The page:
IT'S been a lighter training week for the boys ahead of tomorrow's European Challenge Cup game in Castres, but not because of the importance of the fixture.

We head to France looking for a win that would secure a place in the quarter-finals and give us a great shot at hosting it in Newport.

But the game comes on the back of three tough derbies that have left us with a number of bruised and battered bodies.

The workload has been reduced – less is more in these times – and that has helped the boys head to Castres in good shape for what is a massive game.

The aim is to be fit and fresh, so hopefully they can add to our famous wins at Stade Francais and Pau to earn more knockout European rugby (when I will hopefully be back in the mix for selection).

I'm integrating into training after my bicep injury and have been doing a bit of work in the sessions.

With so little time in training it's important that the team get the reps, so I've not done as much as I would like but patience is the key.

I've got to work towards a little bit of contact and fail to be back in full training in three or four weeks. Fingers crossed I will have a home Challenge Cup quarter-final to then target.

The boys have travelled to France in high spirits thanks to a derby period that contained two wins and a narrow defeat.

The Ospreys are having a tough time on and off the pitch at the moment but I think back to when they were in their pomp and they were still often one-score games against us.

The tide has turned in the past two seasons with us winning last December to end a four-year run of league derby defeats and then this time around we struck late.

The boys have shown that we are starting to become a team that can weather the storm – we did that against the Scarlets and did this again when the Ospreys were 18-13 up and pushing on our line.

Hope, resilience and belief led to us staying in it and that paid off at the end.

Pressure was put on their outside-half Luke Price throughout the game and one poor decision made the difference and we were down the other end with Adam Warren getting the winner.

It reminded me of past season, such as the New Year's Eve derby in 2012 when we were right in it until the very end when our young outside half Lewis Robling was the unfortunate one with his kick charged down by Dan Biggar for Ashley Beck to get the clincher. These games are often down to one or two key moments.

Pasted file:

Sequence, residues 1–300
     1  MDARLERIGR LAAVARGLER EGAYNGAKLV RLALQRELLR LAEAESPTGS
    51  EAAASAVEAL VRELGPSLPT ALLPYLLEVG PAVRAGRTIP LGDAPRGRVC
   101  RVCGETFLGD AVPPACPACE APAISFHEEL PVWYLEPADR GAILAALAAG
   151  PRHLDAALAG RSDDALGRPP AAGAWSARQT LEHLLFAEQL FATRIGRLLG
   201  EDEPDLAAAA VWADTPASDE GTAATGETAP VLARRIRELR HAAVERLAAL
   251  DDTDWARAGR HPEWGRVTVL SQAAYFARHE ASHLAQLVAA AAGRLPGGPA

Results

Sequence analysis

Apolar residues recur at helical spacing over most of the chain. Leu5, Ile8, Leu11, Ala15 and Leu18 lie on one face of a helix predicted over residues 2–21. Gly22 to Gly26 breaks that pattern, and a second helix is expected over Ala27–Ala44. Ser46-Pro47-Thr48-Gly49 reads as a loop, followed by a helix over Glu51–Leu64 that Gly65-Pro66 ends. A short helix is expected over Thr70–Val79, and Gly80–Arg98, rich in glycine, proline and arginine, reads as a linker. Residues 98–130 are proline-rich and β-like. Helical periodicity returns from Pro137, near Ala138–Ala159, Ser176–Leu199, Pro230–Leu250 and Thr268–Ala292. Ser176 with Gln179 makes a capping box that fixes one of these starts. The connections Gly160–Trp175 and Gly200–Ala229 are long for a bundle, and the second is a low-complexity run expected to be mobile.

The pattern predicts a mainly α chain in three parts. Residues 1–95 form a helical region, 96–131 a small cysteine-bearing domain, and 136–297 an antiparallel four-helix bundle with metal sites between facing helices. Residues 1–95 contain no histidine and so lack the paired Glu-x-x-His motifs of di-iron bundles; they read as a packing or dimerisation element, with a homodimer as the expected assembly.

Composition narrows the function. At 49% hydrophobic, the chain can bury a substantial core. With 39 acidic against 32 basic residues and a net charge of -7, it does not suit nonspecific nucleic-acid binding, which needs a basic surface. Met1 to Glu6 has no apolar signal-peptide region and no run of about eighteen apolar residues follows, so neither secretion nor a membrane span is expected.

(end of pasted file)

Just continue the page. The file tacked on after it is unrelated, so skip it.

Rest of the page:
South Wales Argus:

The winner on Saturday came just after the leveller, which was scored by Rio Dyer.

It was great to see a fellow Newport High School Old Boy playing so well after a late call-up because of Ashton Hewitt's injury.

It was his first Dragons game for nearly two years and it was a brilliant performance – full of energy and attitude.

Strength in depth is what makes a team competitive throughout an entire season and having the ability to step up and deliver a performance like that is testimony to player and to the mindset of the team that is now being built at the Dragons.

It's like when we play top sides during Six Nations and the perception is that we should comfortably beat teams who are missing internationals.

It's never as easy as that against the sort of performances that they young and very keen Leinster or Glasgow 'seconds' deliver when they play in the PRO14.

Youth without fear and real enthusiasm can make games even more competitive in the contact area, making up for lack of experience with raw energy.

Rio showed that on Saturday and seeing a prospect like him play like that is massively encouraging and hopefully he can play like that consistently, like Taine Basham has since getting a similar chance.

Having the ability to drop boys in is essential, as proven with the likes of Jordan Williams, who was a key player for our attack, having a knee injury along with several other back three players.

That takes from a position of strength to a potential area of vulnerability, leaving us down to the bare bones in the back three.

These are tough times when managing a squad and I will be putting the coaching hat back on for the second half of the campaign with the Dragons Under-18s.

Being involved with the academy, specifically developing the basic skills of the boys coming through, is a great challenge while my role with NHSOB now revolves off-field matters as much as those on-field.

Being involved with the development of age-grade coaches and working with others on community projects has been an enlightening experience and hopefully has added another string to the bow.

Being considered one of the 'older guys' alongside Brok Harris, Richard Hibbard and Aaron Jarvis, using this time when injured is essential to help the with the transition to coaching starts next season.